Q. How big is Mexico?

A. Mexico spans 761,606 square miles - nearly three time the size of Texas. The country also boasts over 5,797 miles of coastline.

Q. What is the capital of Mexico?

A. Mexico City is the country's capital and is located centrally within the country.

Q. What kind of money do they use in Mexico?

A. Mexico uses the Peso, which equals roughly $.09 USD.

Q. What is Mexico's climate?

A. Mexico has been graced with an unusually temperate climate year-round. Keep in mind that the Mexican summer is also rainy season, although rain rarely lasts more than a few hours, and typically starts in the late afternoon.

Temperature extremes are present only in the North and in Baja, where the temperature can rise above 100F.

Mexico City has a year-round temperature in the high 80s, while the coasts usually stay in the mid-90s. Temperatures fall somewhat at night, but rarely go down below a 60F.

Q. What are some popular destinations in Mexico?

A. Cancun, Acapulco, Mazatlan, and Puerto Vallarta as well as Baja California are all popular. The beaches are among the best in the world, however, there are also plenty of destinations inland as well.

Q. What's the population of Mexico?

A. Mexico has approximately 109 million people and a 1.97% growth rate. Life expectancy for Mexicans is roughly 73 years for men and 78 years for women.

Q. Are there any religious influences in Mexico?

A. Yes. A large portion of the population is Roman Catholic (89%) while only 6% of the population is Protestant.

Q. Are Mexicans well educated?

A. 87% of the population (age 15 and over) can read and write.

Q. As a citizen of another country, am I exempt from Mexican Law?

A. No. Regardless of your country of citizenship, whenever you are on Mexican soil, you are bound by Mexican law.

Q. Is Mexico the country's official name?

A. No, Mexico is officially known as United Mexican States (Estados Unidos Mexicanos in Spanish), but is conventionally referred to as Mexico.

Q. What kind of government does Mexico have?

A. Mexico is a federal republic operating under one centralized government.

Q. Does Mexico have states like the U.S.?

A. Mexico is broken down into 31 states and one federal district.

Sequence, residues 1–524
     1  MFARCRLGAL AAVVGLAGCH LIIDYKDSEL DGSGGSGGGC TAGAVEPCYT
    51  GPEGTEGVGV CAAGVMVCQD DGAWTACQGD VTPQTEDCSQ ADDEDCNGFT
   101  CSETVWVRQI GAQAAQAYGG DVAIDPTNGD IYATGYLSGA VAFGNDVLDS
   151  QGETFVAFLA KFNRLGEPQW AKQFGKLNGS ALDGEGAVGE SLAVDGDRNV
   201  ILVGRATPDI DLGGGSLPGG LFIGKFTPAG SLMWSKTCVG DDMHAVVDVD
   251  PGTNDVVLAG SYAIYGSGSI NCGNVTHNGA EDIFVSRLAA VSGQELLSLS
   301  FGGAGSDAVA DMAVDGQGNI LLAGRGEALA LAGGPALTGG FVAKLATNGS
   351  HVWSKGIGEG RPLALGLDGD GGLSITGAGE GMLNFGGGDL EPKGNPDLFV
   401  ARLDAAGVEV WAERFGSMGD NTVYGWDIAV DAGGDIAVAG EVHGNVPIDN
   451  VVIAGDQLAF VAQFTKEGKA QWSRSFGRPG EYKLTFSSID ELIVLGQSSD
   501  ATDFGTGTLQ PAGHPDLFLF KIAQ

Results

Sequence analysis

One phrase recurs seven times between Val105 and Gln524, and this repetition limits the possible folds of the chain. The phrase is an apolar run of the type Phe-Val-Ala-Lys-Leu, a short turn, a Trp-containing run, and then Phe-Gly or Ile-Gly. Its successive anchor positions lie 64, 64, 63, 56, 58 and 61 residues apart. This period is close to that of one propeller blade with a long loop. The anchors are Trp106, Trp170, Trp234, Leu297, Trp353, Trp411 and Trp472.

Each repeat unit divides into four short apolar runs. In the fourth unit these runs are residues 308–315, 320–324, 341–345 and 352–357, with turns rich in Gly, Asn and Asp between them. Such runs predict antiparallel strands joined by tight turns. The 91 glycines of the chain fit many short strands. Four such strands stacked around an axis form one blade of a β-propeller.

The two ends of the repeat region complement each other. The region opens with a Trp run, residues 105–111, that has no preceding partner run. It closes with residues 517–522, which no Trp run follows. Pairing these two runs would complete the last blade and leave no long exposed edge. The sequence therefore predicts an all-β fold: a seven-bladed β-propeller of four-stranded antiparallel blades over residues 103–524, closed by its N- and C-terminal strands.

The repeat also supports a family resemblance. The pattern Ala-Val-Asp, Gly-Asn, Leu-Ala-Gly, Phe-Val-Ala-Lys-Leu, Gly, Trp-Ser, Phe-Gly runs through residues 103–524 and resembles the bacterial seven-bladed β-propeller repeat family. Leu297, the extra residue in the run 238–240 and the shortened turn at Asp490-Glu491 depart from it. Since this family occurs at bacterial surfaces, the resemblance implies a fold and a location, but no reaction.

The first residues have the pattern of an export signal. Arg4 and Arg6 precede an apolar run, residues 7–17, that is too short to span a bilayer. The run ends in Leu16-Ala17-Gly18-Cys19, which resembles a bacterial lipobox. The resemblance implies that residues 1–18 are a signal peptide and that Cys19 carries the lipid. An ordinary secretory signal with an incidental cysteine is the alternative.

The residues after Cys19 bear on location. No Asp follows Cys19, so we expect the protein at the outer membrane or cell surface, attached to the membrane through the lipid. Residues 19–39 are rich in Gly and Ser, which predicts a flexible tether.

Q. What kind of legal system does Mexico have?

A. Mexico has adopted a mixture of United States constitutional theory and civil law system.

Q. Is Spanish the only language spoken in Mexico?

A. Although Spanish is the most widely spoken language in México, there are over 60 indigenous languages and dialects, including Mayan (the ancient language of the Maya) and Nahuatl (the language of the Aztecs), spoken as the every day language in many places in México.

Q. Does Mexico celebrate any national holidays?

A. Mexico's national holiday is Independence Day, celebrated on September 16 to recognize the country's independence in 1810.

Q. Describe Mexico's economy.

A. Mexico's economy is a mix of government-owned industrial facilities (notably oil), privately-owned manufacturing and services, as well as large-scale and traditional agriculture. Mexico's largest trading partner is the U.S., making up three-quarters of the nation's imports and exports. The country's largest producers of foreign exchange are petroleum, vehicle assembly and tourism.

Q. What are the roads like in Mexico?
A. Mexico has a mix of paved, semi-paved and cobblestone roads. The vast majority of major cities, resort and residential areas have paved roads.

Are you interested in purchasing a second home in Mexico? To see what's available, visit our Featured Properties of Mexico.

* The information above is general background about purchasing property in Mexico and is not meant as a substitute for the advice of your attorney or accountant, who can take into consideration your individual situation.